Philosophical Studies is definitely on a roll lately with cool papers relevant to the Garden: Patrick Todd's on manipulation arguments that I brought up in my last post, a newer one on Frankfurt-examples by Chris Franklin, and also one on the nature of holding responsible by Coleen Macnamara. (I can't resist pointing out that all three of these fine individuals are in the department at UC Riverside. The people affiliated with that department sure are smart!)
Although you should definitely read all of the above articles, here I just want to talk a bit about Coleen's paper, and then ask a question for all you readers out there.
In her paper, Macnamara gives "a topology of the terrain of holding others responsible" (p. 3), and it turns out to be quite complex and fascinating. She argues that accepting her map helps both to rectify certain confusions in the literature and to "clarify the scope and nature of our practices of holding responsible" (p. 3). A thumbnail sketch of her map, along with a question, appears below the fold:
As she points out, her map consists of three concentric circles, the innermost of which is itself made up of at least two parts.
Circle 1, the largest: Inside this circle fall all of the attitudes and activities that constitute Strawson's "participant stance", roughly, the stance we take toward other people with whom we are involved in interpersonal relationships. These attitudes include all those that are involved in what Macnamara labels "regarding another as a responsible agent" -- a stance that is contrasted with treating another as an object to be treated, manipulated, and so on.
Circle 2, inside circle 1: Inside this circle are all the attitudes and activities that are centered around deontic and evaluative concepts such as good/bad, right/wrong, and virtuous/vicious. This class is narrower than the class of attitudes that make up the participant stance in general -- for example, accepting promises is a participant-stance activity but seems to have nothing to do, at least initially, with the above deontic and evaluative concepts.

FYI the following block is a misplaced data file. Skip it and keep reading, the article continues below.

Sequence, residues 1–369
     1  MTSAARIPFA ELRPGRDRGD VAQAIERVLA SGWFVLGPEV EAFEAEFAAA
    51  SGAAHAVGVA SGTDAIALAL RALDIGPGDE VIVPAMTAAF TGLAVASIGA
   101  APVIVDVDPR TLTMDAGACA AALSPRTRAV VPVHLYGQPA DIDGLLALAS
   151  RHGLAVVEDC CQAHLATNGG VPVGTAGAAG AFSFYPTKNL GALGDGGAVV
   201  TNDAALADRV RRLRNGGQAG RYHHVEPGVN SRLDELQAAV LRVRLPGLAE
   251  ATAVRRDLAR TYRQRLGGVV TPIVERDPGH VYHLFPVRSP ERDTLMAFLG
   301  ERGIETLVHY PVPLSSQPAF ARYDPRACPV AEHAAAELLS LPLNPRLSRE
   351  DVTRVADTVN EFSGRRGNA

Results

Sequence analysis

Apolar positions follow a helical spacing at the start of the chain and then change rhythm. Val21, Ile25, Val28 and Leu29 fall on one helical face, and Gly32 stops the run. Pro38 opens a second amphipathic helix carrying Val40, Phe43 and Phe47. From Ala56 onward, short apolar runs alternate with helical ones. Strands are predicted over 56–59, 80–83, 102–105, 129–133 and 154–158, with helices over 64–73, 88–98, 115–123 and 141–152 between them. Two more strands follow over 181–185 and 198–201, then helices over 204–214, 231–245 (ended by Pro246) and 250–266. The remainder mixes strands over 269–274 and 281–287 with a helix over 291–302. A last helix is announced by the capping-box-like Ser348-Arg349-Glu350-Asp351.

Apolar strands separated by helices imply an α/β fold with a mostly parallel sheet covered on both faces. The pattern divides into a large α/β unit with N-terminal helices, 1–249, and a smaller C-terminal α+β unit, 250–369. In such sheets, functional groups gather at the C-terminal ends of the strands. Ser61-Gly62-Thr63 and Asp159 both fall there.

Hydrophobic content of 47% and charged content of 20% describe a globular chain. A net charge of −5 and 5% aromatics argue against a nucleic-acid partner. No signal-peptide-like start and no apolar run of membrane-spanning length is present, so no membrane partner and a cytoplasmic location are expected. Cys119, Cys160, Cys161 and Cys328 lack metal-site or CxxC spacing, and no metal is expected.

Circle 3, inside both circles 1 and 2: Inside this circle are all the attitudes and activities that are associated either with what Macnamara calls "moral appraisal" or "accountability" -- the two chunks that together make up circle 3.
Circle 3, chunk 1, Moral appraisal: Inside this chunk are such attitudes as unexpressed resentment and gratitude or even outward expressions of praise and blame IF those outward expressions are fundamentally aimed merely at expressing how we feel. (The contrast here is with those outward expressions that are fundamentally aimed, rather, at enforcing an ought or "holding someone to the ought that binds him".)
Circle 3, chunk 2: Accountability: Inside this chunk are those attitudes and activities that aim at enforcing an ought. They aim at "first-personal practical uptake of the ought-violation". Punishment falls into this category, as do certain sorts of overt interactions between agents (those that go beyond mere appraisal).
To help understand the picture, here are examples of attitudes and activities that fall within each of the above realms:
Accepting promises: this is in circle 1 but in neither 2 nor 3.
Trying to explain to someone why what they've done is wrong: this is in both circles 1 and 2, but not circle 3.
Merely feeling resentment, or even saying "You're a jerk!" where this speech-act is aimed merely at expressing my inner resentment: this is in circles 1, 2, and the first chunk of circle 3.
Saying "‘You are a very rude person. A decent person has the courtesy to make a simple phone call!" in response to someone who has stood you up for a date, where this is aimed at getting the offender to feel the force of the ought he has violated: this is in circles 1, 2, and the second chunk of circle 3.
Now, my question: if we were convinced of incompatibilism and the truth of determinism (or some other relevant threat), which parts of the map, if any, would we have to scratch?
(The easy but unhelpful answer: whichever parts of the map implicate desert.)